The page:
"Some went down to the sea in ships, doing business on the great waters; they saw the deeds of the Lord, His wondrous works in the deep. For he commanded and raised the stormy wind, which lifted up the waves of the sea. They mounted up to heaven; they went down to the depths; their courage melted away in their evil plight;
they reeled and staggered like drunken men and were at their wits' end. Then they cried to the Lord in their trouble, and He delivered them from their distress. He made the storm be still, and the waves of the sea were hushed. Then they were glad that the waters were quiet, and he brought them to their desired haven." Psalm 107:23-30

Saturday, December 26, 2015


It's been almost three weeks since my husband announced to our church that we are leaving them. Perhaps that sounds like a negative way of talking about accepting a new call but it is the truth. I did not want to go to church the day of his announcement. I felt sick over it and I couldn't bear to be sitting there with eyes on me while he made it. But I knew I couldn't leave my husband without family support that day so I prayed, earnestly, that the Lord would help.

When I arrived at church it was easy at first. He wasn't supposed to be making his announcement for another week yet so no one knew he was making it. My heart pounded in my chest. Lord, are we insane?! It must be something like standing at the door of an airplane right before a sky diver jumps. We have to be mad. I gathered my boys and we walked though the narthex when suddenly I realized someone was in our pew! Bother. Any good Lutheran knows a pew is sacred space, now we would be sitting somewhere awkward on such a big day. My eyes darted trying to figure out where to sit when I realized there was something familiar about the heads in our pew. The couple stood up and turned around and I gasped, it was my husband's aunt and uncle! Words can't convey how my heart swelled. I absolutely adore these two people, from the moment I joined the family they have shown me such warmth and unconditional love. I asked them how they knew and what they were doing here (they live over an hour away and a visit was not planned) and her eyes teared up and she said, "We didn't, he just told us what is happening today, we were in town yesterday for business and stayed the night and decided to come to church here this morning." I hugged her.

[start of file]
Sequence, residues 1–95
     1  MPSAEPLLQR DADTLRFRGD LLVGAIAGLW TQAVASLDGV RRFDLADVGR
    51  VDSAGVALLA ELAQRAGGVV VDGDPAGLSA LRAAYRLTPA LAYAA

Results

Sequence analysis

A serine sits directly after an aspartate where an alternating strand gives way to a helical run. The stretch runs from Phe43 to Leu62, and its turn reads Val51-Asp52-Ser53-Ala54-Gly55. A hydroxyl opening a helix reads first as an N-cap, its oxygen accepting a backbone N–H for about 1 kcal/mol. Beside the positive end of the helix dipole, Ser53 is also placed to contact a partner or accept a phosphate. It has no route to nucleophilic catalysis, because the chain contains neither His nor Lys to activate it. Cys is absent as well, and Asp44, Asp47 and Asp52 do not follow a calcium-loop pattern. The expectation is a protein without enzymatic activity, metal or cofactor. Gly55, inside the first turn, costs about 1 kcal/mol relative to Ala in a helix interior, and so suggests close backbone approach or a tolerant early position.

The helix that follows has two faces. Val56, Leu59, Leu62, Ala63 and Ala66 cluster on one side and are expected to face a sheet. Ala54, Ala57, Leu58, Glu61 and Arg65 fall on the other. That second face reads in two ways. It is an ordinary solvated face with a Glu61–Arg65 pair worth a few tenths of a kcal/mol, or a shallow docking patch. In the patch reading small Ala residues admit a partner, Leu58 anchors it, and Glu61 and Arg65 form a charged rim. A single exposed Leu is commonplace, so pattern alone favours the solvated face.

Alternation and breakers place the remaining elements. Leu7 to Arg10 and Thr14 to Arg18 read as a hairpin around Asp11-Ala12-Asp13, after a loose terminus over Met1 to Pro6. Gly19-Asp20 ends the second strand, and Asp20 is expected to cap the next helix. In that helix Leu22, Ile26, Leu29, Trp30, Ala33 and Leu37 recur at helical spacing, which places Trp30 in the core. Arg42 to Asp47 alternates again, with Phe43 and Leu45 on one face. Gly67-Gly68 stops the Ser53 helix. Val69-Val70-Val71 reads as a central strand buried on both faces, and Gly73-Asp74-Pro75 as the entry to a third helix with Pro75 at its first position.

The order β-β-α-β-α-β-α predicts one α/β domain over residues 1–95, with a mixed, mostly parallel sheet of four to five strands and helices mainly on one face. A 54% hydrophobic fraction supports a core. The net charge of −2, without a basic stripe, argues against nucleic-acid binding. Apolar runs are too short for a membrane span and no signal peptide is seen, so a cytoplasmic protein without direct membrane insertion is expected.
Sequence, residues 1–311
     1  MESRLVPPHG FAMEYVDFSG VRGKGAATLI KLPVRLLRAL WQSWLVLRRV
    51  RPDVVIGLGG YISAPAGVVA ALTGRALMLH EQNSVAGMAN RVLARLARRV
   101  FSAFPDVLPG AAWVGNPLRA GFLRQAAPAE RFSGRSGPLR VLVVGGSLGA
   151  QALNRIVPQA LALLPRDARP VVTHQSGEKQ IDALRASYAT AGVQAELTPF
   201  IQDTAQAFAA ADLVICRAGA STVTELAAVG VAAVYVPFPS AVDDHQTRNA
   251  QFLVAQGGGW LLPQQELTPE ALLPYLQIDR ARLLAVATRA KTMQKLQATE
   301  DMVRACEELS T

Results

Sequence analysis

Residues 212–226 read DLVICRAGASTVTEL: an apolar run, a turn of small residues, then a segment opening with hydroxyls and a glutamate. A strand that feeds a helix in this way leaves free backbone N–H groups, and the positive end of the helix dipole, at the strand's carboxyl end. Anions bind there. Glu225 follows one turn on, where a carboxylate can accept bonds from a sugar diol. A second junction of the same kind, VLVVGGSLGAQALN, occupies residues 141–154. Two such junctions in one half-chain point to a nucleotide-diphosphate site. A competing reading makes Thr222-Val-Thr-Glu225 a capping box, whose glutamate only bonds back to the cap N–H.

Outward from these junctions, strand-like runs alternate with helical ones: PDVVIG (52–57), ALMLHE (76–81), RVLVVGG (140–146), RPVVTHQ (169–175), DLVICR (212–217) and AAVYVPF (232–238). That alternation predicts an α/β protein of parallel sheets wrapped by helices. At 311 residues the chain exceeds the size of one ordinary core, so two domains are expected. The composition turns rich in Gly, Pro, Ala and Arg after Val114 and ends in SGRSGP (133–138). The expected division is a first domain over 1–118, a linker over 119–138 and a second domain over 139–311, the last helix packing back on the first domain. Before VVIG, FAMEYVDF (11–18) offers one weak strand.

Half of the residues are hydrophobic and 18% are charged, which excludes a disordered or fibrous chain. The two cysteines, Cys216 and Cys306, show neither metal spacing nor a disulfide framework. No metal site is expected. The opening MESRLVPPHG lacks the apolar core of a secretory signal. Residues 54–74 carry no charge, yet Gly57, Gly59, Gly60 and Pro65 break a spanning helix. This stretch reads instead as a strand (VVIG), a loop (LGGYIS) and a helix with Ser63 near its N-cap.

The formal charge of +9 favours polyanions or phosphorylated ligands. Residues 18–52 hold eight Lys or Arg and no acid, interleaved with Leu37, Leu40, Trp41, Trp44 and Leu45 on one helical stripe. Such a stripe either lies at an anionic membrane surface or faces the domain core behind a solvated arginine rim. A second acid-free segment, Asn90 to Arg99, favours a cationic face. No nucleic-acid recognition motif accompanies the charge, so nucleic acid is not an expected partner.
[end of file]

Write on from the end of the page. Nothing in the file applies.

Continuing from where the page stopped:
We took our seats and before I could think my husband was coming out and stepping down amidst the congregation. I swore I wouldn't cry but my eyes began to sting hot. His voice took on a shaky edge as he made a few other announcements and I saw some eyes look curiously at me wondering why he seemed that way. Then he took a deep breath and said he had another big announcement to make. Every eye locked on him and I saw people stiffen. I don't remember the words he said, it all just blurred at that point, but as my aunt put her arm around me and began silently crying, it was all I could do to not fall apart as the tears streamed down my face. To say there was an audible gasp when he announced he had actually accepted a call across the world would be an understatement. How could a pastor with 5 young children leave a booming, proud LCMS church that boasts a 4K-8 school with a waiting list a mile long? How could he go to perils unknown and sell everything he owns? How could he leave family and friends and the ability to communicate and go to a place where he will not only start over with relationships but even in the ability to speak? Members began streaming out of the church into the restrooms and hallways to cry and console each other. I wished then that the announcements were after church instead of before. But as he closed his announcement he said that now we would draw near to the Lord for comfort as He gives us Himself in His Word and Sacraments and draws us, as always, to the entire church around the world and the church triumphant.

It's been three weeks since that day. But it feels like an eternity. I once read a book titled "The Reluctant Companion" about a pastor's wife who ended up a missionary's wife when her husband's first call out of seminary was overseas to Africa. To say I'm reluctant at this point sounds like a paradox. Didn't we agree to this? Didn't we pray about it for months? Yes. But it's quite a different thing to dream about adventures afar and then to wake up and realize it's no longer a dream. We are committed. There is no turning back. For months we romanticized and talked to our families feeling quite proud of what WE were willing to do to serve the church and then we woke up on the other side of his announcement and realized how very weak we are. It is the Lord who will do this, not us. This is our comfort. And so every day we wake up to our new reality and try to find the strength to begin the months of preparation for deployment.